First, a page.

Whether it’s because they’re getting a bit whiter around the whiskers or it’s something they’ve been born with – living with a deaf dog can be an adventure of its own. But the first thing to keep in mind: your buddy might not be able to respond to your voice like others. Which might make you might be wondering: how to train a deaf dog? Especially to come back when called if we’re both outdoors together…and they want to explore?

Well, as it turns out, deaf dogs – just like hearing dogs – are loving, intelligent, and capable of learning a whole bunch of commands and tricks. With patience, consistency, and a little emergency planning for your outdoor adventures, you can train your buddy to understand and respond to your cues – and live a long, happy, fulfilling life by your side.

How to tell if your dog is deaf

Whether you’ve adopted a deaf puppy or you’re concerned your senior dog is getting hard of hearing, it’s still important to train them on the regular. (Your puppy will learn to control their impulses and behave, while your senior dog will benefit tremendously from the activity and quality time with you.)

  • Most importantly, all dogs need to learn some way to come back to you when called – especially if you’re both outdoors.
  • And in the case of a dog that can’t hear you call for them, it’s even more crucial to figure out ways to attract their attention and get them back to you.
A deaf dog running away from a woman outdoors

So here are a couple of ways to tell if your dog is hard of hearing – or experiencing gradual hearing loss as they grow older:

  • They don’t respond to most sounds. Especially sounds that dogs normally might (or which they used to) – like their name, the doorbell, squeaky toys, or even cars outside. According to experts, hearing loss in dogs might begin with not being able to hear high-pitched sounds (like whistles) and then progress to others.1
  • They seem less obedient or responsive to training. If you’ve got a senior dog you’ve had for many years and have been regularly training, there may suddenly no longer follow training commands.
  • They startle easily. Your dog might spook more than usual because they don’t hear you (or others) approaching.
  • They’re less active and/or sleep more, being harder to wake up or entice outdoors for walks and playtime.2

Your vet can help by performing some diagnostic tests to confirm whether your dog is experiencing hearing loss – and what steps you can take in advance to be better prepared.

A vet testing a dog for hearing loss at a clinic

💡Plus, before you head to your vet, you could always go better prepared – with your buddy’s actionable activity and sleep data. (Without losing a wink of yours.)

A deaf dog might sleep more – and more soundly, and you might find it more difficult to wake them up.

So monitoring how well they’re sleeping can help you:

  • Pick up quicker on any progressive hearing loss,
  • Take action quicker by getting your dog to a vet before it gets worse.

Sounds easier said than done though, right? After all, it’s not like you can hover over your sleeping dog 24/7 jotting down every little twitch, snore, or wake-up. Meaning you might be less likely to describe any changes in their sleep patterns accurately to your vet.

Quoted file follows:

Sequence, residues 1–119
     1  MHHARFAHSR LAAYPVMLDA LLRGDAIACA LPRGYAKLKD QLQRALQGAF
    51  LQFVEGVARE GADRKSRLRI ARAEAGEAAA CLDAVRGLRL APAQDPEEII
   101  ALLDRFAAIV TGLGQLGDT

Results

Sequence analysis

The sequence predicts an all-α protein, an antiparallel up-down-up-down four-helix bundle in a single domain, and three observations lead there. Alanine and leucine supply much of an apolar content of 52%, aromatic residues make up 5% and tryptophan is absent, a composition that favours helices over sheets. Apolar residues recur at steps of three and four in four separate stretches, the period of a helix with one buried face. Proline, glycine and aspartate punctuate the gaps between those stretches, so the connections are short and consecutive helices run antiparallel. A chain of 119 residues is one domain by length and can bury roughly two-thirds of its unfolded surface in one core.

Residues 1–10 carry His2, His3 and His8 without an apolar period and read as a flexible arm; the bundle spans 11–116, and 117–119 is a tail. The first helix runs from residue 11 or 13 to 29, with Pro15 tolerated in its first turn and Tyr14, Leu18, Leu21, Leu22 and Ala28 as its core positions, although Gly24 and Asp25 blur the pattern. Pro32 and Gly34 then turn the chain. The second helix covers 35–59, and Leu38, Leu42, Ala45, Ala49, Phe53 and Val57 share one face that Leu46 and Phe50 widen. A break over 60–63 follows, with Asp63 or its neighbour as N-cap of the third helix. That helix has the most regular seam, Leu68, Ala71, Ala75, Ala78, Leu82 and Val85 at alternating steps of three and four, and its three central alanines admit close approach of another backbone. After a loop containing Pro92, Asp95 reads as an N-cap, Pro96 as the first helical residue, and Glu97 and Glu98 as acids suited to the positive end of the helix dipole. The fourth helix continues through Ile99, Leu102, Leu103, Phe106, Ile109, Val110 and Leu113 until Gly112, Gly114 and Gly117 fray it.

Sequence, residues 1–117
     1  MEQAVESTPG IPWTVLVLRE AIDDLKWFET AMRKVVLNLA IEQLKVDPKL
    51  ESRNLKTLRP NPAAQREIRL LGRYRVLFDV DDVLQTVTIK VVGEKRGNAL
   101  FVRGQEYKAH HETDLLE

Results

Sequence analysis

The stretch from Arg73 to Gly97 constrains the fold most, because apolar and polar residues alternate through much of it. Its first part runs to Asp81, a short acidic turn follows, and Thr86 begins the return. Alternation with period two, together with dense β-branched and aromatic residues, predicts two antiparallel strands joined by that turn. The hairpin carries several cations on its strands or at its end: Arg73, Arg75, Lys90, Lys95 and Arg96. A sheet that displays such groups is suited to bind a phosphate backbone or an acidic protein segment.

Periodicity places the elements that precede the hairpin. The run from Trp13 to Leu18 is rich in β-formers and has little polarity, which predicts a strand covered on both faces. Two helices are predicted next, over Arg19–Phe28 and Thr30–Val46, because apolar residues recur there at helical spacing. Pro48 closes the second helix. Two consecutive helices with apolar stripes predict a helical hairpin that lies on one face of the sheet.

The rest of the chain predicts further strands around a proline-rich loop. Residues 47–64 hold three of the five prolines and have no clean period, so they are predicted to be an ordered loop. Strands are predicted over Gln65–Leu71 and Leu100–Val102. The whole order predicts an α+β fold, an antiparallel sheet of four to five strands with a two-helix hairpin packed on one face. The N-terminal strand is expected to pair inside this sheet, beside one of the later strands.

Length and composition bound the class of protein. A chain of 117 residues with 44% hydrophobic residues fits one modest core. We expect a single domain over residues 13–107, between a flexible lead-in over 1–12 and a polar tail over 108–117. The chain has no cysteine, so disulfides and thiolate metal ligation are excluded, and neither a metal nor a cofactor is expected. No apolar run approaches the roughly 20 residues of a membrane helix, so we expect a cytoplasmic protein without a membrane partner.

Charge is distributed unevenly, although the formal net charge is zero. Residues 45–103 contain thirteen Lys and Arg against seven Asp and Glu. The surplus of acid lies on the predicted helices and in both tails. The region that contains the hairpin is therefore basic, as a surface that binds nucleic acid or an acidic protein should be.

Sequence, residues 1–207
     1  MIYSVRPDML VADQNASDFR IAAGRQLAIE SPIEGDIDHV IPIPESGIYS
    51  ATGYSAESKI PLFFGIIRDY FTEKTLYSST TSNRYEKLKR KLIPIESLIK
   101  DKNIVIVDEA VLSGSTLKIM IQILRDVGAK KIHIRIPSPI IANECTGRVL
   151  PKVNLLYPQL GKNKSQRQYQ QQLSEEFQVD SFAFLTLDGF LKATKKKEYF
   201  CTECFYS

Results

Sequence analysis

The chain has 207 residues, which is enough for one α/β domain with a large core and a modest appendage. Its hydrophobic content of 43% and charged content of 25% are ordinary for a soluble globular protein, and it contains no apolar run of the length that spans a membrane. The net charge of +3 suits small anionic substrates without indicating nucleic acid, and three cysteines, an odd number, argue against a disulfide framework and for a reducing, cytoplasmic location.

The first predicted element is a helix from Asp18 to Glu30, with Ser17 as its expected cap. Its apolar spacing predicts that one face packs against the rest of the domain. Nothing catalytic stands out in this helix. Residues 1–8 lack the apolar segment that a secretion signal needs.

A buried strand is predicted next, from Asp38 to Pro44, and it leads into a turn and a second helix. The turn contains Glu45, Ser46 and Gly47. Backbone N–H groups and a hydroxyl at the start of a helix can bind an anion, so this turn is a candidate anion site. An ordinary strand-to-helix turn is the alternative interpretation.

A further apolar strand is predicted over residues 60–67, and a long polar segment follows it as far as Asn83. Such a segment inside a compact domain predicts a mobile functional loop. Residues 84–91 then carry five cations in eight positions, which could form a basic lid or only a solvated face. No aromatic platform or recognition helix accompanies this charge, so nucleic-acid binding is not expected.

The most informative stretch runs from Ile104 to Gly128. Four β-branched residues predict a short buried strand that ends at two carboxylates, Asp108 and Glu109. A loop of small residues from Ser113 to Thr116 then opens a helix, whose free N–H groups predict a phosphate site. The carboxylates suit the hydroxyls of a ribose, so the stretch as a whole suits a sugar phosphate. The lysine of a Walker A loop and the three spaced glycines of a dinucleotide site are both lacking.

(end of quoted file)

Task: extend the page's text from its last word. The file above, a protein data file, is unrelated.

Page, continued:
It’s why dog parents around the world – just like you – are investing in the actionable data you’d get from a Sleep Tracker built for dogs instead.

dog sleeping in the background smartphone with tractive gps app sleep monitoring in the foreground

Meaning with just a glance at your phone, your trusty Tractive device can help you figure out:

  • How long – and well – your dog sleeps on the regular
  • Whether they’ve been waking up more often than usual (which could even signal cognitive decline as they grow older)
  • If there’s been a sudden or gradual drop in their sleep quality over time

All of which can help you have a more productive conversation with your vet – and save a ton of money from unexpected (and thoroughly avoidable) medical bills.

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How to train a deaf dog 101: Getting started

It might seem unlikely, but training a deaf dog isn’t too different from training any other dog – regardless of their hearing! Rather, they rely on their other senses, including their vision, smell, and touch to figure out what you’re expecting of them.

Just make sure that everyone in your household is consistent as well – using the same cues or hand signals as you. (You could even hang up a poster to help everyone remember.) This can help create a stable, consistent environment at home for your dog and get them learning and responding even quicker and better.

Two women training a deaf dog indoors

First, get your dog’s attention – without startling them

Deaf dogs can be easily startled – since they can’t hear your or others approaching. Which is why experts actually recommend you help your dog get used to being touched unexpectedly.3

Why? Because when your voice isn’t an option, touching them gently on the side or shoulder can help attract your dog’s attention when you need them to do something. And once you teach them to pay attention to you, you can move to other basic dog commands.

If you want to attract your dog’s attention, you could also:

  • Walk into their line of sight.
  • Very lightly stomp your feet – so that they feel the vibrations on the floor. (But not too hard, else you might frighten them.)
  • Use a flashlight – or turn the lights of the room on and off.
A woman training a deaf dog by touching its shoulder to attract its attention

And here’s how to put this physical cue into action:

  • Very gently touch your dog somewhere on their shoulder – when they’re relaxed, but facing away from you. Avoid touching their head or somewhere “sensitive.”
  • When your dog turns around, give them a big smile and a treat. (Yes, your dog can tell how you’re feeling from your expressions and mannerisms, even if they can’t hear your voice.)